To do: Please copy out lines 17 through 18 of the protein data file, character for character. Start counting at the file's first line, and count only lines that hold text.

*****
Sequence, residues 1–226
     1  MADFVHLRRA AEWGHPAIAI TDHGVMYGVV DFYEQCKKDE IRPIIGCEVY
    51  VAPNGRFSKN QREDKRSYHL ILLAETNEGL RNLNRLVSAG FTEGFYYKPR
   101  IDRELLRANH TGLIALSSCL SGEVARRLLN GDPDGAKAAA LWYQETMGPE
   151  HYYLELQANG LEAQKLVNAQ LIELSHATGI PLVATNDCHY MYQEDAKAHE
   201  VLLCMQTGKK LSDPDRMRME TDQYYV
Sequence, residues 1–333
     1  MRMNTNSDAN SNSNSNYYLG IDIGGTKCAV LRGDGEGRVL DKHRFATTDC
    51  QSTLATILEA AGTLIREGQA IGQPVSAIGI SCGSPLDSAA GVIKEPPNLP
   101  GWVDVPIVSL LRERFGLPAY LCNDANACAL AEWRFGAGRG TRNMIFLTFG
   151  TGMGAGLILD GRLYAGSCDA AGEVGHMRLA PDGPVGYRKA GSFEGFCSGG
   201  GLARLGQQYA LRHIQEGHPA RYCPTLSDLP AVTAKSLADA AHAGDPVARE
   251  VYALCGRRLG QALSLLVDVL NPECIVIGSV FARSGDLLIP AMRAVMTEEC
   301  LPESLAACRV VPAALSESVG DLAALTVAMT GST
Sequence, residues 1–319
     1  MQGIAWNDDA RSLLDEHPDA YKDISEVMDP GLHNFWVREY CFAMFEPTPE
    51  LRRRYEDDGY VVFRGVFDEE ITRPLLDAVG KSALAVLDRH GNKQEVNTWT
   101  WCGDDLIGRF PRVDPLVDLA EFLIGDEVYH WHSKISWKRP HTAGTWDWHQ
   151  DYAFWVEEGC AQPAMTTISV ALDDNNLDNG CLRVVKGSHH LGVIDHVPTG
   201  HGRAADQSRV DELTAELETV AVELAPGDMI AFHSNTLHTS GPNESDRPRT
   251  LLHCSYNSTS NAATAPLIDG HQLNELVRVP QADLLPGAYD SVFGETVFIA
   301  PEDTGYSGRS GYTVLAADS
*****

    51  LRRRYEDDGY VVFRGVFDEE ITRPLLDAVG KSALAVLDRH GNKQEVNTWT
   101  WCGDDLIGRF PRVDPLVDLA EFLIGDEVYH WHSKISWKRP HTAGTWDWHQ